Earlier this year, two Delaware restaurants were nominated for the prestigious James Beard Foundation Awards. In downtown Wilmington, Bardea Food + Drink was a semifinalist in the Best New Restaurant category. In Lewes, Heirloom’s Matthew Kern was a semifinalist for Best Chef: Mid-Atlantic, pitting him against leading chefs from Washington, D.C., to Philadelphia.
Although neither restaurant won the ultimate prize, getting recognized by the James Beard Foundation is a monumental accomplishment, similar to a musician being nominated for a Grammy or an actor or director for an Oscar.
Both restaurants credit the quality of their ingredients and the talent and dedication of their teams, not only for the nomination but also for handling the rush of interest and diners that followed the announcement.
A dish at Heirloom.//photo by Moonloop Photography
“It was a lot of pressure, and it’s the people behind the scenes—the hosts, the dishwashers, the line cooks, the people who help clean the restaurant—that make this experience happen,” says Scott Stein, co-owner with Chef Antimo DiMeo of the 120-seat Italian-themed Bardea. “It was a new restaurant. We had just opened and had to focus on the ins and outs of trying to be a make it the best the best restaurant could be.”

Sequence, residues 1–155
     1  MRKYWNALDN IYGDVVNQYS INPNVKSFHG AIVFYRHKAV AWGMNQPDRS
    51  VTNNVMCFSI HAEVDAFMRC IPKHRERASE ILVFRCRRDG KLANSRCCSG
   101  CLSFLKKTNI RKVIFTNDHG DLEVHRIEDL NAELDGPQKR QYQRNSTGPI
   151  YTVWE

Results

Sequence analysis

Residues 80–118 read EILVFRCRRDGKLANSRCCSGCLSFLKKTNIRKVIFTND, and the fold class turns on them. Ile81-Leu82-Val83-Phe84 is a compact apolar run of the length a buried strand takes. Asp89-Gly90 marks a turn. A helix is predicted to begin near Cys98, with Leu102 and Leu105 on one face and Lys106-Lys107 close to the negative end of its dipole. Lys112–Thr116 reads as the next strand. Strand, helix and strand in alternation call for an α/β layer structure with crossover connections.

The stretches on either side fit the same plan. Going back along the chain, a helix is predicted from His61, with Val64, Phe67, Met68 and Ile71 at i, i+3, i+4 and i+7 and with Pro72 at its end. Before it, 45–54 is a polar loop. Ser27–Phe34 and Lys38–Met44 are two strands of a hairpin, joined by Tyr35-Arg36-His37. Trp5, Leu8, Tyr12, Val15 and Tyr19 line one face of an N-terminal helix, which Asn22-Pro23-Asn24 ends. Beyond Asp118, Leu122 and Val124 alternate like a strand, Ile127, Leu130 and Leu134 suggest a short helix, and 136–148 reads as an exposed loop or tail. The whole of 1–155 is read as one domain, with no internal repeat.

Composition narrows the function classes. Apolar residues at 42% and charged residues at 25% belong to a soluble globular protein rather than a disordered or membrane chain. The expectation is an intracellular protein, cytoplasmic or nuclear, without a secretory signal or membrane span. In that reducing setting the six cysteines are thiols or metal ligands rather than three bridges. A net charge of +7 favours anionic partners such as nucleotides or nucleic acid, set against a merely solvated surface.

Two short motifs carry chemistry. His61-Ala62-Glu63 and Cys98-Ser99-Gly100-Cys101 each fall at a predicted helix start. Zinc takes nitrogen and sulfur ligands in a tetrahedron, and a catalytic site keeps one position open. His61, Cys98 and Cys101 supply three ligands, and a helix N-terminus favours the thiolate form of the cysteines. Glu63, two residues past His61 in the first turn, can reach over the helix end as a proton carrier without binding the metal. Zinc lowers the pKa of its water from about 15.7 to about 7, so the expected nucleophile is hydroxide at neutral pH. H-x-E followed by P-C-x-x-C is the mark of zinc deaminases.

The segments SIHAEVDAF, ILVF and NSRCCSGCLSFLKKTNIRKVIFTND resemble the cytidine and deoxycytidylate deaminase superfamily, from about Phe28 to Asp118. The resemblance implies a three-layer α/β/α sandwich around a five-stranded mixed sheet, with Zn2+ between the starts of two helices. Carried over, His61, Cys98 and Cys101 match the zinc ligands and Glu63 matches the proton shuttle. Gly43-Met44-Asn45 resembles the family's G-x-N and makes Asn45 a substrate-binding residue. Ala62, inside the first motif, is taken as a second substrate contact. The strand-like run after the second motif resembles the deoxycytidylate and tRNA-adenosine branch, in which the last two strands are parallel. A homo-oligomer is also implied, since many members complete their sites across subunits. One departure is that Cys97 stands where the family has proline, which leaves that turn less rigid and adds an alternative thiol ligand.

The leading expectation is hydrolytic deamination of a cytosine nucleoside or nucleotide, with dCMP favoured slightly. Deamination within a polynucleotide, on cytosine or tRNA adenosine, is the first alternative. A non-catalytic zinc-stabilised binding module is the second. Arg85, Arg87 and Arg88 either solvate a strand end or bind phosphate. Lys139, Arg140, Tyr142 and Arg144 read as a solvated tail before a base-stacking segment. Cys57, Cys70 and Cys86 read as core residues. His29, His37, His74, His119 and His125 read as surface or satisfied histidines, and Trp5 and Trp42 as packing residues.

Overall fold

Heirloom owner Meghan Lee had long wanted to open a farm-to-table fine dining restaurant in Lewes, where her family had vacationed for years when she was a child. When it finally happened, her head chef left for the West Coast after just three months. A mutual friend informed Kern of the opening, and the rest is history.
“Meghan Lee is an amazing human being,” says Kern. “She did everything in her power to [open the restaurant], and she did it by herself. It’s a true testament to her will in the restaurant industry.”
Heirloom has built a loyal clientele around its farm-to-table dining concept, which Kern admits can sometimes be a challenge.
“It makes you take a step back when planning a menu because you can’t get all these things whenever you want. Asparagus doesn’t grow in January,” says Kern. “I feel like having the discipline to only cook what’s in season, and what you can source locally, all while keeping your hard-earned dollars at home and supporting an economy and an ecosystem, is a healthier way of living.”